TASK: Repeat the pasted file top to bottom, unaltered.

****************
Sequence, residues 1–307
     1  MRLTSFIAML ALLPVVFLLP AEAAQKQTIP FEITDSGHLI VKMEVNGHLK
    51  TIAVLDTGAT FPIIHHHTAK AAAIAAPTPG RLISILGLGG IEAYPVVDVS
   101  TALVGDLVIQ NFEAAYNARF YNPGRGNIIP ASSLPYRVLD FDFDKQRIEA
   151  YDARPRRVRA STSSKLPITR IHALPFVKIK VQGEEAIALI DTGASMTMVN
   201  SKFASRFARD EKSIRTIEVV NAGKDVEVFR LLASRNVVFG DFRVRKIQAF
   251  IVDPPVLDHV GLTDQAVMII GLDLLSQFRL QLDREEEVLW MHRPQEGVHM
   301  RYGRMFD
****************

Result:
Sequence, residues 1–307
     1  MRLTSFIAML ALLPVVFLLP AEAAQKQTIP FEITDSGHLI VKMEVNGHLK
    51  TIAVLDTGAT FPIIHHHTAK AAAIAAPTPG RLISILGLGG IEAYPVVDVS
   101  TALVGDLVIQ NFEAAYNARF YNPGRGNIIP ASSLPYRVLD FDFDKQRIEA
   151  YDARPRRVRA STSSKLPITR IHALPFVKIK VQGEEAIALI DTGASMTMVN
   201  SKFASRFARD EKSIRTIEVV NAGKDVEVFR LLASRNVVFG DFRVRKIQAF
   251  IVDPPVLDHV GLTDQAVMII GLDLLSQFRL QLDREEEVLW MHRPQEGVHM
   301  RYGRMFD